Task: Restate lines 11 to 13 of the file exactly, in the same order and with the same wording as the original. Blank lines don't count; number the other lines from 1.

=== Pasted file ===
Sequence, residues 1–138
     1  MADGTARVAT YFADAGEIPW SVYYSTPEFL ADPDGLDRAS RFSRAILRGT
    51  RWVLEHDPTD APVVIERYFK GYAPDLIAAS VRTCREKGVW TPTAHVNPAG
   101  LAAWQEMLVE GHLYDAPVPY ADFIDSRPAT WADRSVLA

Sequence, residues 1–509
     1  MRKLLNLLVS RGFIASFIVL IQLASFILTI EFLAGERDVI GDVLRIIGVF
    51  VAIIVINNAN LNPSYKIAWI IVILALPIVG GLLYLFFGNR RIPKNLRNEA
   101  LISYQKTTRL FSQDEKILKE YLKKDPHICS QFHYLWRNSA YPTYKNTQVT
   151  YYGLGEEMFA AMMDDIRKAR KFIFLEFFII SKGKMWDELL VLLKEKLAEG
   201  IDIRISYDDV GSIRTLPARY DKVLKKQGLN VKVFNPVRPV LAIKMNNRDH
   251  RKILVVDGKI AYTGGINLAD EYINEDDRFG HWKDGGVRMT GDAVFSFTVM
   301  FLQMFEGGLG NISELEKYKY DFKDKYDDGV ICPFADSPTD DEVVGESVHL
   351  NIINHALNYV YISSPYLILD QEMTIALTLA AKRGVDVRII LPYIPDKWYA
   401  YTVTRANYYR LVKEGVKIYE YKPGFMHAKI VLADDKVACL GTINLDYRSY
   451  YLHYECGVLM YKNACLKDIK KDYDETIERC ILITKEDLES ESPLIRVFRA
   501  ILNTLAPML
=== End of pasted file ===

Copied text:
   251  RKILVVDGKI AYTGGINLAD EYINEDDRFG HWKDGGVRMT GDAVFSFTVM
   301  FLQMFEGGLG NISELEKYKY DFKDKYDDGV ICPFADSPTD DEVVGESVHL
   351  NIINHALNYV YISSPYLILD QEMTIALTLA AKRGVDVRII LPYIPDKWYA